Shutter Revolution isn’t your average, run of the mill factory that only makes specific items. We are a union of artisans that craft elaborate creations for just about any project. Below is just one of the many custom projects that we have accomplished.

PROJECT REQUIREMENTS:

Custom Built Louvered Shuttered Faux Window Panels and Custom Built Wooden Accent Faux Door Panels.

PROJECT LOCATION:

CSS Neuse Civil War Interpretive Center in Kinston, North Carolina.

The CSS Neuse Civil War Interpretive Center showcases the North Carolina’s largest historic artifact and state of the art exhibits. The remains of the CSS Neuse and the associated artifacts were relocated to a fully enclosed and climate controlled facility at 100 N. Queen Street on June 23, 2012. After years of planning and hard work the museum held its grand opening on March 7, 2015.

Want To Know More About The CSS Neuse?

The CSS Neuse was a Confederate gunboat. Work began in October of 1862 on the bank across the Neuse River (her namesake) from the small village of Whitehall, North Carolina (present day Seven Springs). The hull of the gunboat was 158 feet (48 m) long by 34 feet (10 m) wide, and she was constructed mostly of locally abundant pine, with some 4 inches (100 mm) of oak used as sturdy backing for her 4-inch-thick (100 mm) wrought iron armor. Many delays in construction were incurred by a lack of available materials, mostly the iron plate for her armored casemate and deck; her deck armor was finally left off so the ironclad could be completed and put in service. Due to continuing iron plate shortages, Neuse became the first of several Southern ironclads built with unarmored decks. This situation was compounded by the Confederate Army exercising priority over the Navy in the use of the South’s inadequate railroad system for transporting vital war material.

Launched in November 1863 while still needing fitting out, Neuse finally got up steam in April 1864 for duty on the inland waters of North Carolina as part of the force under Commander R. F. Pinkney, CSN. Shortly thereafter, the ironclad grounded off Kinston due to her mostly inexperienced crew, which had been conscripted from the Confederate Army; she remained fast in the mud for almost a month until finally being refloated. After that, due to a lack of available Confederate Army shore support, she never left the river area around Kinston, serving instead as a floating ironclad fortification. In March 1865, with Kinston under siege by Union forces, gunpowder trails were laid down which led to a cache of explosives placed in her bow; the crew then lit fires astern and amidships, and she was destroyed a short time later by fire, then a bow explosion. Neuse burned to just below her waterline and then sank into the river mud preventing capture by the rapidly advancing Union Army forces, commanded by Major General John M. Schofield. At some point following the war, her sunken hulk, lying in shallow river water and mud, was salvaged of its valuable metals: cannon, carriages and their fittings, anchors, iron ram, casemate armor, both propellers and their shafts, and her steam power plant. Whatever bits and pieces remained, including her projectiles, lay undisturbed in and around the wreck until Neuse was raised nearly a century later.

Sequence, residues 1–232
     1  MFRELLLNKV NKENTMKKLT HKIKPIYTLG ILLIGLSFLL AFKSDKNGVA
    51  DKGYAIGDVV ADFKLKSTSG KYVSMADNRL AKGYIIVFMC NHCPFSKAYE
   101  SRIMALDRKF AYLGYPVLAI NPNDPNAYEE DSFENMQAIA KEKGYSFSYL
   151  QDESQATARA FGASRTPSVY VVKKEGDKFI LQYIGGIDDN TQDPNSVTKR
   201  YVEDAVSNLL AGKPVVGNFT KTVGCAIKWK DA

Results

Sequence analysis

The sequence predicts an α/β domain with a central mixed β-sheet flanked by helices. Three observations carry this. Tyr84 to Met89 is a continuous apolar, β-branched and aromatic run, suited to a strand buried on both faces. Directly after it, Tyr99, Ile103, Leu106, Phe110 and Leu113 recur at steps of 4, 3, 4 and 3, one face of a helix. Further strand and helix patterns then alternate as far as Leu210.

Faux Shuttered Windows and Doors

The architectural design of the CSS Neuse Civil War Interpretive Museum had a number of openings that were intended to house faux shuttered windows and doors to cover faux openings. So we created arched, louvered shutters on the top and herringbone, slat, faux doors on the bottom to give the look of an antique warehouse.

 

To add beauty and protection to the building we created custom, louvered window panels to fill all of the window openings. These privacy, exterior window shuttered panels were made of Extira Board with a painted black finish. They were made for standard and double window configurations with arched tops.

There were also large, expansive door areas that needed to be protected and covered. So we created arched top, faux door panels with framed, diagonal slats to give the areas an attractive look with maximum protection. The doors were made of Extira Board with a painted black finish. The doors also included hidden, drain panels behind them to help channel the water during rain.

Shutter Revolution provided the construction of the door and window panels as well as installation, caulking, and finishing.

Shutter Revolution was contracted by D.S. Simmons Inc. general contracting firm.

Do You Have A Specialty Project Need?

We are able to help you complete any project with just about any need you have. It doesn’t have to just be shutter related. We have an extensive portfolio of installations, displays, and lots of other projects that we have completed for companies all across the world.

1 Comment

  1. Samuel D Jackson

    Awesome work guys! Really love the doors!

    Reply

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